Show time had arrived, and Evan Justice was ready.
Actually, he was this-is-what-you-prepare-your-whole-life-for ready.
A 6-4, 205-pound senior relief pitcher for N.C. State, Justice locked down the hot bats of top-ranked Arkansas on consecutive nights this past weekend to propel the unseeded Wolfpack to victory in the Fayetteville Super Regional and enable them to punch their ticket to the College World Series in Omaha for the first time since 2013.
“Having confidence in myself and my team has helped me throughout the season, especially that moment, the biggest moment I’ve ever pitched in my life,” said Justice, a 2017 Collegiate graduate, the Richmond Times-Dispatch player of the year as a senior, and a third-team All-Atlantic Coast Conference selection this spring. “Being in the elimination game in the Super Regional is a huge stage. I’m fortunate to pitch to a great catcher in Luca Tresh. I have an amazing infield and outfield behind me, so it makes my job that much easier.”
Playing before a highly partisan and spirited home crowd at Baum-Walker Stadium Friday night, the Razorbacks won the first of the best-of-three series 21-2.
“The message from Coach (Elliott Avent) was to completely forget about it,” Justice said. “Nobody wants to lose 21-2, but it happens. Our mindset was, We have a clean slate. Let’s go out and play the best we can and see what happens.”
Undaunted and resilient, State rallied the next day behind freshman righthander Sam Highfill, found its offensive rhythm, and took a 6-2 lead in the 7th inning before Arkansas’s Brady Slavens homered with one out and Charlie Welch drew a walk.
A lefthander with a four-pitch repertoire (mid-90’s fastball, curve, change-up, slider), Justice forced the first batter, Robert Moore, to pop up to short, then surrendered a sharp single up the middle to Cullen Smith moving Welch to third.
With two outs, Casey Opitz reached first on an infield throwing error allowing Welch to score and moving Smith to second.
The Hogs’ Jalen Battles followed with a single to centerfield scoring Smith as Opitz hustled to third.
With the tying run 90 feet from the plate, the Pack on the brink of elimination, and 12,000 Arkansas faithful doing howling with all their might to rattle him, Justice calmly struck out Christian Franklin with a 2-2 fastball on the outside half of the plate to end the inning.
“You can’t let the energy of the crowd or the momentum they have in that brief moment get to you,” Justice said. “Take deep breaths. Trust yourself. Yeah, they got a couple across, but let’s have a big mindset and not let them get anymore.”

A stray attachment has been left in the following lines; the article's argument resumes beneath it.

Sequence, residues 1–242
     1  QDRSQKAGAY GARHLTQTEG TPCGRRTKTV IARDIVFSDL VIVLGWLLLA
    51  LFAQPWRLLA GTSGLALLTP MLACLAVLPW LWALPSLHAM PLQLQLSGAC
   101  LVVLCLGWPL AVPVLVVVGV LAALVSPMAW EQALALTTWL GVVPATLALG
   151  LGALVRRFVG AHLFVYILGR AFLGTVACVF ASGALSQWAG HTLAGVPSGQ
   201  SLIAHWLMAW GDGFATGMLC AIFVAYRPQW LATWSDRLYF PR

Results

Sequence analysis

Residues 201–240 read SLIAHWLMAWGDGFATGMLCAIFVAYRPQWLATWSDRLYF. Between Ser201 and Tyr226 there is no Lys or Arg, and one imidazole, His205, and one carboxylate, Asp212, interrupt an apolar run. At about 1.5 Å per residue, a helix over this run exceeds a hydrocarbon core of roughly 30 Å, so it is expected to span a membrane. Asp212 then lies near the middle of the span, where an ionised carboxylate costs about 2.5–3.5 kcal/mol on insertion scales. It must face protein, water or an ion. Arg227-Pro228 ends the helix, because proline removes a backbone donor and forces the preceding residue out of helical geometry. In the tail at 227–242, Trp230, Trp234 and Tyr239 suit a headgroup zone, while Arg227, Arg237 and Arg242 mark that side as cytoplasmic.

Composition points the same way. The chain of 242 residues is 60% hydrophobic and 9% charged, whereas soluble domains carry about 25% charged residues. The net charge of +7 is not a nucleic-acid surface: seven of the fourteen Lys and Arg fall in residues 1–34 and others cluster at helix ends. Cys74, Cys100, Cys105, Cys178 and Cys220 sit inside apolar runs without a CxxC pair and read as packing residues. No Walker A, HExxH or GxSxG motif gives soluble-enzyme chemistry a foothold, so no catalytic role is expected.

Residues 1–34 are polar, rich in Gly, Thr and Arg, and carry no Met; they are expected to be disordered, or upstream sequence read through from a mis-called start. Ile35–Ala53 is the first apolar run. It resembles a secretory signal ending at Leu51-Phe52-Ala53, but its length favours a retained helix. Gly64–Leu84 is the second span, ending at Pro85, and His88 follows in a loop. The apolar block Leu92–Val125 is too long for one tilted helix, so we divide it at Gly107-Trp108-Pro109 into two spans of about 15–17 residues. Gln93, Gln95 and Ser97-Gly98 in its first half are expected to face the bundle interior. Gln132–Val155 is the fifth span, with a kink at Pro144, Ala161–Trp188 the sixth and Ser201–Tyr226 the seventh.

Now firmly in control, Justice retired the side in the 8th and 9th. On his watch. he faced 11 batters, threw 48 pitches including 33 strikes, struck out four, and allowed two hits, no walks, and no earned runs.
Had State poked the bear, though? Were the Wolfpack in for another game-one type shellacking, especially with NCAA player of the year Kevin Kopps (12-1, 0.90 ERA, 131 strikeouts) on the mound for the home team?
In the bottom of the 8th with the score 2-2, Justice relieved Chris Villaman, who had pitched three strong innings after relieving starter Matt Willadson. Poised, confident, and possessed of a one-pitch-at-a-time mindset, he struck out Franklin swinging, forced Moore to fly to left, and stung Smith with a slider inside for a called third strike.
“I generally don’t put Evan into a tie game,” Avent, the veteran coach, said at the post-game press conference, “but I thought, if Arkansas is going to beat us, they’re going to beat our best.”
In the top of the 9th, Jose Torres smacked a home run over the left centerfield wall to put the Pack up 3-2 and, momentarily at least, quiet the crowd.
Then, in the bottom of the inning with the tension palpable and the din now mind-numbing, Justice ignored the distractions and forced Welch to ground out to second and Opitz, the next batter, to short. With two down, Battles dinked a checked-swing roller on a 2-1 count down the first base line which Tresh, the catcher, chased down and fired to Austin Murr a step ahead of the runner for the final out.
Predictably, an effusive celebration and dog pile ensued.
“I just tried to soak up the moment,” said Justice, who’s 5-2 with a 4.09 ERA and 11 saves and has allowed 38 hits, 27 runs, and 25 earned runs, and 24 walks and struck out 68 in 55 innings. “It’s a little bit of a surreal feeling, having that realization that we’re going to compete with seven other teams for the national championship.”
Arkansas, the Southeastern Conference tournament champion, finished 50-13. State, the ACC runnerup, takes a 35-18 mark to Omaha where it opens a three-game series with Stanford Saturday at 2 p.m. EDT at TD Ameritrade Park.
“We’re a really good team,” Justice said, “but everybody in Omaha is good. There’re no givens. Our mentality is to keep rolling and try to play our best baseball every time we take the field.”